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The Sunlight Pilgrims by Jenni Fagan: A touch of the Iain Banks

Cover imageI’m not a fan of dystopian fiction. There’s quite enough of that in the twenty-four-hour news misery cycle playing out every day which seems even more miserable in 2016 than usual – or perhaps that’s just me. The blurb for Jenni Fagan’s The Sunlight Pilgrims sounded as if it might have a distinctly dystopian bent but her first novel, The Panopticon, with its bright, sassy, vividly drawn main protagonist, Anais, made such an impression on me that any misgivings had to be overcome. Although that bent is undeniable – an Ice Age has the 2020 world in its grip – Fagan’s tale of a woman, her daughter and an Incomer with roots deeper than he thinks, is so engaging that it becomes a frozen backdrop rather than the novel’s point.

Dylan has had the misfortune to lose both his mother and his beloved grandmother within six months of each other. Born in London, he grew up in a tiny Soho art-house cinema. Now thirty-eight and single, he’s about to be homeless as the bailiffs close in, with only a note from his mother telling him about a caravan waiting for him in Scotland. A city man from his copiously bearded head to his Chelsea-booted toes, Dylan gets himself on a coach and makes his way to Clachan Falls. Once he’s settled in, he comes across a sketchbook which will later explain a great deal about his origins and why his mother has set him up in the most unlikely of circumstances. Woken in the night by the sound of hoovering, he pops out to find his sleepwalking neighbour vacuuming the road, then polishing her windows. The next day he meets Stella, his neighbour’s daughter, who gives him the lowdown on the inhabitants of Ash Lane, from Ida the porn star to the Satan-worshipping stoner. Her mother’s twenty-year-long, on again, off again, affair with Alistair has produced Stella who was once Cael but has decided she’s a girl which presents its own set of problems. When Stella introduces him to the resourceful, determined Constance it’s not long before he’s besotted. Stella’s battle to be recognised as a girl, the revelations about Dylan’s roots and his yearning for Constance all play out against a backdrop of ever-dropping temperatures and occasional news bulletins from a world which seems further and further away.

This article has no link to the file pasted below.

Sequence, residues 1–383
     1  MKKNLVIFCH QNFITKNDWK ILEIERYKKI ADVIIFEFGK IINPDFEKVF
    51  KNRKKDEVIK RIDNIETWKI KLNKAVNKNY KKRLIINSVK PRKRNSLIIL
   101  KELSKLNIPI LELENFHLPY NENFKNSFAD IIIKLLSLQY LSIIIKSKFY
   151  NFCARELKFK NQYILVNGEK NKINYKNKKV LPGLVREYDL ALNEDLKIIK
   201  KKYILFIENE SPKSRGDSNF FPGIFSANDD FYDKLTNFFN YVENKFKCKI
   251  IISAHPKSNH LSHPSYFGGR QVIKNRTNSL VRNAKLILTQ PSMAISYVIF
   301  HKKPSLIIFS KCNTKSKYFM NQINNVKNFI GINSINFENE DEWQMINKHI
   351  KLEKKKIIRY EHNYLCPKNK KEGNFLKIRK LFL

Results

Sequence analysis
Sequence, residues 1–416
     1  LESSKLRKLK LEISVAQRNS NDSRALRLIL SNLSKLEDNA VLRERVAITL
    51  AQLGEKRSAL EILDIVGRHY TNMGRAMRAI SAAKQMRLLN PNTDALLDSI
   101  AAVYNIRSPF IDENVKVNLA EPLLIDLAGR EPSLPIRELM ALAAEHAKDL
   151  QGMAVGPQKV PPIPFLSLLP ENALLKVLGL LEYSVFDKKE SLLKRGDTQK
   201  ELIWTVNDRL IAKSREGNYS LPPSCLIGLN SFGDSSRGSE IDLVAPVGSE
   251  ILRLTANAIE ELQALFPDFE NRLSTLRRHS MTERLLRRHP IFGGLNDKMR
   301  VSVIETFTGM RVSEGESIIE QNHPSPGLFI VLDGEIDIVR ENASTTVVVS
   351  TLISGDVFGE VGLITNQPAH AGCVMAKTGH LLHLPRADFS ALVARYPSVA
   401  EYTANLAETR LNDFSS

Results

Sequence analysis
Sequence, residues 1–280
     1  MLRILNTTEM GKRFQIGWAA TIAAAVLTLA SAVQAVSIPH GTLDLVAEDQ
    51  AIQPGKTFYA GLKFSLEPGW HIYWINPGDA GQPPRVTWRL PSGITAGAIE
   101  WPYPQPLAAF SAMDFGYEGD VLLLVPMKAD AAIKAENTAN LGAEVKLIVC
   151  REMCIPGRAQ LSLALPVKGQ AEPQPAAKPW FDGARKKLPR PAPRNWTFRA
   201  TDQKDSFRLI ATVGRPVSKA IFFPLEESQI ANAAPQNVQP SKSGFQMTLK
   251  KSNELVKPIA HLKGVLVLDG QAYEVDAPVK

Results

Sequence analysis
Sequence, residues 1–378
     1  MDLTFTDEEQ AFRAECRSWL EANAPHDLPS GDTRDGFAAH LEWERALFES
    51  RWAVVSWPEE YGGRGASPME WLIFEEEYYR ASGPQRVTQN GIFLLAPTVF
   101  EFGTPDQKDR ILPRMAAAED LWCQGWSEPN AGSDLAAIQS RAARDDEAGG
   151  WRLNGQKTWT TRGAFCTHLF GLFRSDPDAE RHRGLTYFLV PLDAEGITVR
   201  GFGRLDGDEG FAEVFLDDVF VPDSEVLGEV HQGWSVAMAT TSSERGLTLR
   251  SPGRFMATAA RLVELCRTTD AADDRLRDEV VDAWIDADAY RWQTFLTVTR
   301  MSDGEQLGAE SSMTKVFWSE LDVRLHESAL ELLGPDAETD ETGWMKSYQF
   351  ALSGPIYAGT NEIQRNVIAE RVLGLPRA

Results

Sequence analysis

The vividly poetic Prologue which opens Fagan’s novel sets the tone for some striking descriptive writing along with sharply drawn characters. Both Dylan and Constance are engaging protagonists but it’s Stella who’s the star of the show with her determination to overcome all obstacles, her goth leanings and her precocious intelligence: ‘When grown-ups hear a little dark door creaking in their hearts they turn the telly up’ thinks Stella deciding that she’ll open her own door wide when she hears it creaking. There’s a rich vein of humour running through the novel – ‘And your dad?’ asks Stella ‘My mum didn’t catch his name’ replies Dylan – gently diffusing the dystopian element. While it’s true that the world is off to hell in a handcart with bankers and big business out of control, temperatures plummeting and waves of violent crime reported on the news, it’s subtly done – no heavy-handed polemic here although the end is sobering. Fagan weaves myth and science through her novel, spinning a story of family, friendship and love which put me in mind a little of Iain Banks. I loved it – witty, engrossing and beautifully expressed it’s a worthy successor to The Panopticon.